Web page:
The Need for a Secure Remote Access Tool
Having access to a secure, reliable, easy to use remote support tool is a must for any IT professional. There are just some problems that are just easier to resolve when you can actually control the remote machine. As the old saying goes “a picture is worth a thousand words“; this rings even truer when trying to resolve a problem without physically travelling to a site.
There are a few basic that a remote support tool should have.
First, it should allow for ad hoc connections: the client should be able to run the tool without the need for a permanent install, or a messy clean-up.
Second, it should support multiple platforms. Put gently it should support not just be available for Win32 platforms, but also OSX and Linux.
Third, it must support an encrypted connection, and offer a level of security that can be trusted by both sides.
Fourth, it should offer a dedicated client to allow for extended support or monitoring.
Those are the four “musts“. The nice to have parts would be an affordable price, notifications, reverse desktop sharing (meetings), and remote registry editing. Also worth mention is session monitoring; it never hurts to be able to show the client exactly what work was completed.
There are some names that readers may recognize immediately. TeamViewer is one that comes to mind; it’s a great tool, but the price may be beyond the budget of some users. Ammyy Admin is another name – not a bad tool, but unfortunately its reputation has been unfairly tarnished by scam artists using for illicit purposes.
Another product that has been around since 2008, and has developed a loyal customer base is ScreenConnect. Originally developed by Elsinore Technologies in 2008, ScreenConnect gained a very loyal following over the past few years.
ScreenConnect’s popularity, and aggressive pricing caught my attention, and I purchased a license in 2014. While the product was good, it did have its warts. Perhaps the biggest was simply issues with the remote client being flagged as “suspicious” or wrongly tagged as a virus on the client side.
While some users love the product, I just never saw ScreenConnect as fully polished. Its “rough around the edges” type look, feel, and performance just didn’t sit well with me, and my purchase never made it into full production.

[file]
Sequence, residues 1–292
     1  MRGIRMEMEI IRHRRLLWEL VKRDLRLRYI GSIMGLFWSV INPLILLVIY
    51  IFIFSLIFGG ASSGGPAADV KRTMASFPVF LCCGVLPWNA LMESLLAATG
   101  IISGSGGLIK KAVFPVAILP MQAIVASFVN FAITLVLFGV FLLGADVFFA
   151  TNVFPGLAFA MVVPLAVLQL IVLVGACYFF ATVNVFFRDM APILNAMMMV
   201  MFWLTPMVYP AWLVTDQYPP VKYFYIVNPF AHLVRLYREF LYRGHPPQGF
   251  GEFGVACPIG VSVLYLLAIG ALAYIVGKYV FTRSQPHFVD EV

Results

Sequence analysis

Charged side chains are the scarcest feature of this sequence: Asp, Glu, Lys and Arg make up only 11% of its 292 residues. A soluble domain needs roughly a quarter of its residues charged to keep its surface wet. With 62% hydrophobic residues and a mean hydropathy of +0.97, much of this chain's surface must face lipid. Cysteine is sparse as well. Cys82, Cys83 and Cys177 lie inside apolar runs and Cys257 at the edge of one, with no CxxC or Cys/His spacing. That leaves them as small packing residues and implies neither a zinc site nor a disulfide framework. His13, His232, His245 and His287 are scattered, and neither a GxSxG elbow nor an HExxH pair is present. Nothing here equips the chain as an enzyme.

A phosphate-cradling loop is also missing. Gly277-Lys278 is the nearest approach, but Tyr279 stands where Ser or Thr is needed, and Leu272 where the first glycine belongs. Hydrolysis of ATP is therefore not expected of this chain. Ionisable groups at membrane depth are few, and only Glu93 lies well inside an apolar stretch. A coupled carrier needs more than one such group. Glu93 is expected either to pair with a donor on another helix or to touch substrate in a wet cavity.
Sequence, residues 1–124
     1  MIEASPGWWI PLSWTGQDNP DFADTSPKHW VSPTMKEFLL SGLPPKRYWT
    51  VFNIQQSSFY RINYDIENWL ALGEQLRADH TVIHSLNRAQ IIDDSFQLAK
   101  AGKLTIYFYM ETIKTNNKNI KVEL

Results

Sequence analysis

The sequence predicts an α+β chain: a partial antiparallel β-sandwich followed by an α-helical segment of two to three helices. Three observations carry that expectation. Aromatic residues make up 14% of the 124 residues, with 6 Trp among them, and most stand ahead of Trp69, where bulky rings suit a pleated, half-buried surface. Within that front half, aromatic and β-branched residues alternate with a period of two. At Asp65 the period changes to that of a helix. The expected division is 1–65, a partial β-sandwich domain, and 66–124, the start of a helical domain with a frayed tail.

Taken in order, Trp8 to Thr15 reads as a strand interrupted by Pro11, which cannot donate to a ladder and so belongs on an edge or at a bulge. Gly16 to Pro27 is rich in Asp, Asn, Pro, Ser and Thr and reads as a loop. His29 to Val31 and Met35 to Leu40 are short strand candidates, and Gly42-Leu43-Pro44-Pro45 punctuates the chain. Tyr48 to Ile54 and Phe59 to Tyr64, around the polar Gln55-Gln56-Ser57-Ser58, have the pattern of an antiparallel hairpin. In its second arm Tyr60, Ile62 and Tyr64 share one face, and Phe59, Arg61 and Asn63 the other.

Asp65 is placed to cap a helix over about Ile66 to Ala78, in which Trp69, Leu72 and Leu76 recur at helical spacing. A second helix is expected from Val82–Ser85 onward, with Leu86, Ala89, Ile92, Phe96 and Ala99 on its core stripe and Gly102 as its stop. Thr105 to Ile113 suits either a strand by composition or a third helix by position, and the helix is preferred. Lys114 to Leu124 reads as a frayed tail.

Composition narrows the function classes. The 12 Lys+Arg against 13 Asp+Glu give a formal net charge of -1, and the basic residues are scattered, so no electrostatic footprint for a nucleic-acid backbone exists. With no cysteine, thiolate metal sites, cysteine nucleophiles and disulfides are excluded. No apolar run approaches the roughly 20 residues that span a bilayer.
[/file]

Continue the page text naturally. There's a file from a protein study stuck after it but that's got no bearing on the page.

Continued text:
In early 2015 ScreenConnect was acquired by ConnectWise. While having a larger company backing the product bodes well for its continued development, it also came with a significant price increase for new customers. To ConnectWise’s credit, they have promised to honour legacy pricing for existing customers. So far they have kept that commitment.
So with the future of ScreenConnect being cloudy, I went looking for a replacement and found a name I had never heard before – SimpleHelp.
Where ScreenConnect lacked polish, SimpleHelp shined. Setup was incredibly simple. On a Windows server, it was as simple as running the install, going to the newly created webpage, and then downloading and running the Simple Help Technician app.
On a Linux server it’s just as easy; untar the files, move them to /opt, and start the server. On a side note, it works best if you remove Apache or anything else using ports 80 and 443 – if these ports are available, it just makes life so much simpler.
The Magic of the SimpleHelp Technican App
Where ScreenConnect does all of its remote magic through a webpage, SimpleHelp uses an app that retains the same consistent look and feel whether it is run on Windows, Linux, or OSX.
This little app was one of the first things that caught my attention. Whether it is launched from Windows, OSX, or Linux it looks the same. It just works.
Remote management is consistent between platforms. It just works.
When it comes to features SimpleHelp boasts a long list of things ScreenConnect can’t touch, including port forwarding, a remote console for command line operations, and more. It just works.
SimpleHelp has powerful tools to increase productivity.
- Multiple simultaneous remote sessions allow you to connect to multiple customers at the same time
- Virtual queues of users let you specify which customers a technician should be able to view and support
- Transfer a session to a colleague to both support the same customer
- Block user’s display and input to prevent them from interfering while you work
- Can elevate session to administrator privileges
- Full control including Windows UAC and Ctrl+Alt+Del
- Automatically reconnect after reboot
The bottom line – SimpleHelp just works.
SimpleHelp has that last bit of polish that ScreenConnect is lacking. When a client connects using SimpleHelp it is simple for them, it is a professional presentation, and I can do what needs to be done. Price, function, and polish, SimpleHelp delivers.
Check it out, try the demo, and come to your own conclusions.